Equal Partners
by Roland Ezri

Equal Partners by Roland Ezri

Equal Partners

By Roland Ezri

"Women are the backbone of all societies. They do a substantial part of the work, and play a major role in raising the future generation yet they are largely powerless. The decisions that count are made by men and foisted upon women."

Writings by Roland Ezri

The Second Exodus – Israel – CCLXXXVII. A Return Visit (2 of 19)

October 16

I used this day to reconnect with everyday life in Bat Yam.

I went out with aunt Angéle to buy some food.  The supermarket was, by our standards, quite small.  However, I was told that Bat Yam had two very large supermarkets.  Our priorities were on fruits, vegetables and orange juice for me.  As soon as I got home, I sampled the fruits and vegetables; nothing that I had tasted in Canada tasted like that.  The local produce is acceptable; but what we get via California and Florida is usually edible and no more.  Let me tell you that during my stay, I fully enjoyed the Holy Land’s bounty.

When we came back from our food shopping, I stopped at a travel agency that was located right next to where my aunt lives. While I already knew what I wanted to visit, they made useful suggestions; when we arrived at an optimal usage of my time and money, I made the necessary arrangements; all excursions would be with United Tours.

On that same day, I called Moshé.  We had a long talk and more than once he berated me for waiting 28 years before coming back.  As well, he wanted us to meet as soon as possible, and I promised to do so.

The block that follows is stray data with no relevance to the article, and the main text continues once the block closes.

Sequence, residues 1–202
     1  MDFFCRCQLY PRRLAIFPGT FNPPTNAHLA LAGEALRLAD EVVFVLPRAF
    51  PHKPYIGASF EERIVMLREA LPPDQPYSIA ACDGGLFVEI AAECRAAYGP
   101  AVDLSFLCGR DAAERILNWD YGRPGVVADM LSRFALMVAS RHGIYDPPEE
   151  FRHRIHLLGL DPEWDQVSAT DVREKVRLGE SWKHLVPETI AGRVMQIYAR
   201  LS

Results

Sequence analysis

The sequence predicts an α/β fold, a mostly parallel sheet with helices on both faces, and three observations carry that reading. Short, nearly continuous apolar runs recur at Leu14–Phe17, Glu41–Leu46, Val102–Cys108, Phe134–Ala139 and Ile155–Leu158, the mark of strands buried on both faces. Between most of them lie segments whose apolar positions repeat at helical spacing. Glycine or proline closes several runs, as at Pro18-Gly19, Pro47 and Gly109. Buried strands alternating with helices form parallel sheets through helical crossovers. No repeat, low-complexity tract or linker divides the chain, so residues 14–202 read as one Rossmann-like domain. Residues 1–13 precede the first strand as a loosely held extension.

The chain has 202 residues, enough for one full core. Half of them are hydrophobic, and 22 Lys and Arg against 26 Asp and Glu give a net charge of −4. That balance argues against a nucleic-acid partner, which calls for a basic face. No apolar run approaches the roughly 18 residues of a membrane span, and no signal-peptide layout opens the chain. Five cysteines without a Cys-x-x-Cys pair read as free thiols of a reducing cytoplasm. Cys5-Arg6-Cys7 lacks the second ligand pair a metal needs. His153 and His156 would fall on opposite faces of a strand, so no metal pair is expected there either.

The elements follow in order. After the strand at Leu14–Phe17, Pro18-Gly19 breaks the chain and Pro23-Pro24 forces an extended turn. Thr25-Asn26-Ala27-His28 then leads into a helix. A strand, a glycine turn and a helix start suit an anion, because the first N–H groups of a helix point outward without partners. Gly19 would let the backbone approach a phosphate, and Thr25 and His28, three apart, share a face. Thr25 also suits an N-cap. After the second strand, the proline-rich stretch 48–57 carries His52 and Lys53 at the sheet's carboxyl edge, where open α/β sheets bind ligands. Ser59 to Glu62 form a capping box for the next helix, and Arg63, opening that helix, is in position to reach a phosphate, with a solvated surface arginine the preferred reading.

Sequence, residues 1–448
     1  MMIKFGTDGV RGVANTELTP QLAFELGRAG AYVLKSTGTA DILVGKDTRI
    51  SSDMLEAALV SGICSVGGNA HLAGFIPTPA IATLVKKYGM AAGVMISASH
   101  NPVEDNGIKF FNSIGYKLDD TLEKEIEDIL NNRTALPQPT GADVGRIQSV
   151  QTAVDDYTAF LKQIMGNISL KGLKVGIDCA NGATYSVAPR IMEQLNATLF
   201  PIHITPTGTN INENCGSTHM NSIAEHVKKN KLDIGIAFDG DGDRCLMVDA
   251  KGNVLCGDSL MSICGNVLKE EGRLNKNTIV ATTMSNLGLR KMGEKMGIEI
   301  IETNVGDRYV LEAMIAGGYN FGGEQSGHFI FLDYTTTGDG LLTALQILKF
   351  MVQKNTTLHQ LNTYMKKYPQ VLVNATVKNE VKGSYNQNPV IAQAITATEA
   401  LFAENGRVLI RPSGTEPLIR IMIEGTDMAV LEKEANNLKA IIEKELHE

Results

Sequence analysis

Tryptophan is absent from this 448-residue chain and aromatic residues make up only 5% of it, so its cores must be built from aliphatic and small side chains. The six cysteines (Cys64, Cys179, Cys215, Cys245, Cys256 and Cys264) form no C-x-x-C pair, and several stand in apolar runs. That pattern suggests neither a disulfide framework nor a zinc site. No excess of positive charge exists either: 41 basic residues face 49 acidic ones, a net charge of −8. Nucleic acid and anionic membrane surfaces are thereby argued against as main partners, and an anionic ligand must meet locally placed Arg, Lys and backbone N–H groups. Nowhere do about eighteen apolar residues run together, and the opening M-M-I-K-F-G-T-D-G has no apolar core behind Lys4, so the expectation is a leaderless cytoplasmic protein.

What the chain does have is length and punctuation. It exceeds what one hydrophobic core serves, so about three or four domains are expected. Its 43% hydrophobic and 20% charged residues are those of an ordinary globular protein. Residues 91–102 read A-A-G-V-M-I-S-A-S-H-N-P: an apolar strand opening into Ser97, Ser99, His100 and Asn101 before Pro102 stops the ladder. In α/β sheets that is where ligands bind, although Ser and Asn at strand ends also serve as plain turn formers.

I asked my aunt not to cook anything for me on the days when I was home; I much preferred to enjoy her company.  She didn`t put up any fight, and indicated that we can then rely on “Ron.”  Who on earth was Ron?  Ron was a takeout place you would certainly love to have in your neighborhood.  He didn’t specialize in any given area; anything that can be cooked and made to taste delectable was available at Ron.  He continuously varied his menu; thus on any given day you may not find what you desire, but you would not walk out empty-handed, that was impossible.

When you looked through his glass showcase, you would see, fish, meat, chicken, tongue, meatballs, peas, string beans, pasta, rice, pitta bread, tehina, hummus, pickles, ready salads, and on and on.  Of course, when I mention fish, meat, chicken, and meatballs, I am referring to two or more kinds on any given day.  Tehina was always varied; give sesame paste to Ron, and enjoy the result(s).  Rice?  On a “slow” day there were at least two varieties; don’t ask for plain rice for the staff would be offended!

Wherever you lived in Bat Yam, you never again needed to cook!  Angéle told me that many housewives had hang up their aprons!  The prices were reasonable; Ron’s motto:  hakol be zol ha yom.  (Everything is inexpensive today).  He sold his food by weight; and it was a given that after the clerk weighted the food, and charged you, you asked him to add some more!  And he did for the first item only.  Thereafter, he would tell you, ani lo yakhol.  (I can’t).  The moral of the story:  start with a meat dish!

If you didn’t like spicy foods, you were out of luck at Ron.  His food was generally spicy, but certainly not unbearably so.

Nothing lasts in life.  When I went back in Israel in 1996, Lillian notified me that Ron as a takeout place no longer existed.  He was now a caterer.  The news was not all bad; he still had a restaurant and you could still take food to your home.  I did go to the restaurant and had a meal, it was good, but the variety was gone.  As well, I made the mistake of asking the staff if the day would come when Ron would focus exclusively on catering; to my chagrin the answer was most probably.

Well, at least my aunt and I enjoyed his food; Angéle is one of the poorest and finicky eater I have ever encountered, and she devoured his food!  She passed away in 1995; therefore I have the precious memories of the two of us sitting at her kitchen table and relishing Ron’s cuisine.

Even in October, the weather can be quite hot in Israel.  I went for a walk at 6:00 PM and I was sweating as if it was high noon!

Comments are closed.